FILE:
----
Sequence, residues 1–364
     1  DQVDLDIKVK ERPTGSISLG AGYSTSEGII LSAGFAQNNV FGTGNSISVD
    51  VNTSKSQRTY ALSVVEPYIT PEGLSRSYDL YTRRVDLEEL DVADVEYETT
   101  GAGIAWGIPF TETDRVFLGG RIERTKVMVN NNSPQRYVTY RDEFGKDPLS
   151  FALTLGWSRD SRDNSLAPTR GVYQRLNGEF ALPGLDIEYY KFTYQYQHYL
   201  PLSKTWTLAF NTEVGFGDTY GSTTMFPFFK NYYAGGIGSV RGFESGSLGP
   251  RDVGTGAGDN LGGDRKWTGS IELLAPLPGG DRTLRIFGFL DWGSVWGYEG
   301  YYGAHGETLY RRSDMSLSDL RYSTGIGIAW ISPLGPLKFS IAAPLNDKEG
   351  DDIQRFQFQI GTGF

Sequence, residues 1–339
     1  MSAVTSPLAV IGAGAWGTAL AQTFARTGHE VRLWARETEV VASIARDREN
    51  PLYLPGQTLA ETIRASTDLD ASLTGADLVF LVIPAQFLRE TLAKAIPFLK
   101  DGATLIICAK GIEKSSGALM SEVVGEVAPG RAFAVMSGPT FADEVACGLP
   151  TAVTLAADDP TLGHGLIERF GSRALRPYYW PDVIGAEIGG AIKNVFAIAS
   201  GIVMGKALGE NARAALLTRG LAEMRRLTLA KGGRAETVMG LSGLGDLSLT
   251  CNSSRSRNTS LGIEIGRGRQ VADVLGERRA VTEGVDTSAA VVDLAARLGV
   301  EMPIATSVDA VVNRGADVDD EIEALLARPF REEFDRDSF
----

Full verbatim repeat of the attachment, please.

Sequence, residues 1–364
     1  DQVDLDIKVK ERPTGSISLG AGYSTSEGII LSAGFAQNNV FGTGNSISVD
    51  VNTSKSQRTY ALSVVEPYIT PEGLSRSYDL YTRRVDLEEL DVADVEYETT
   101  GAGIAWGIPF TETDRVFLGG RIERTKVMVN NNSPQRYVTY RDEFGKDPLS
   151  FALTLGWSRD SRDNSLAPTR GVYQRLNGEF ALPGLDIEYY KFTYQYQHYL
   201  PLSKTWTLAF NTEVGFGDTY GSTTMFPFFK NYYAGGIGSV RGFESGSLGP
   251  RDVGTGAGDN LGGDRKWTGS IELLAPLPGG DRTLRIFGFL DWGSVWGYEG
   301  YYGAHGETLY RRSDMSLSDL RYSTGIGIAW ISPLGPLKFS IAAPLNDKEG
   351  DDIQRFQFQI GTGF

Sequence, residues 1–339
     1  MSAVTSPLAV IGAGAWGTAL AQTFARTGHE VRLWARETEV VASIARDREN
    51  PLYLPGQTLA ETIRASTDLD ASLTGADLVF LVIPAQFLRE TLAKAIPFLK
   101  DGATLIICAK GIEKSSGALM SEVVGEVAPG RAFAVMSGPT FADEVACGLP
   151  TAVTLAADDP TLGHGLIERF GSRALRPYYW PDVIGAEIGG AIKNVFAIAS
   201  GIVMGKALGE NARAALLTRG LAEMRRLTLA KGGRAETVMG LSGLGDLSLT
   251  CNSSRSRNTS LGIEIGRGRQ VADVLGERRA VTEGVDTSAA VVDLAARLGV
   301  EMPIATSVDA VVNRGADVDD EIEALLARPF REEFDRDSF